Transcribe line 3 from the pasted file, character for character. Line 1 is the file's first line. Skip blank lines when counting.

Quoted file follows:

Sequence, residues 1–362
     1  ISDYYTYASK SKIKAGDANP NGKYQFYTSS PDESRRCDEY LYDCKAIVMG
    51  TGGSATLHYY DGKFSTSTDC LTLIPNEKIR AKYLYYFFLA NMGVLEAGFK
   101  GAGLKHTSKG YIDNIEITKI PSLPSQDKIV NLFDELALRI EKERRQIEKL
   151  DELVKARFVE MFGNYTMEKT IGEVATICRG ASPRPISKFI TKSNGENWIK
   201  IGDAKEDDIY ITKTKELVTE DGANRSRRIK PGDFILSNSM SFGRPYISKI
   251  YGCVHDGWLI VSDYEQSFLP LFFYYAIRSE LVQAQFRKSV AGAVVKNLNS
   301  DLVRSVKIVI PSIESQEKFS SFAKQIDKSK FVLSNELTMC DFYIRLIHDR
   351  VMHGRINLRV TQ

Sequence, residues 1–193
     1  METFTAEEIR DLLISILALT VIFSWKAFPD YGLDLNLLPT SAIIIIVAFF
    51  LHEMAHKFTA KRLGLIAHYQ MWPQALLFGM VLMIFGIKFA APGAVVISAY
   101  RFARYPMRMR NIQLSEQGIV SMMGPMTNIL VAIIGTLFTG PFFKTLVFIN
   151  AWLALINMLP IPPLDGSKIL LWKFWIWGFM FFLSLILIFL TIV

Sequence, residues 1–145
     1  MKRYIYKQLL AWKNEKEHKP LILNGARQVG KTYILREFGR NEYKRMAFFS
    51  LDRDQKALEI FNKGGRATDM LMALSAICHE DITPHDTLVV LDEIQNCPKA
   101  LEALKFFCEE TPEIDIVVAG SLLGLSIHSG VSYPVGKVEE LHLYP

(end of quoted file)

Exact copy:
    51  TGGSATLHYY DGKFSTSTDC LTLIPNEKIR AKYLYYFFLA NMGVLEAGFK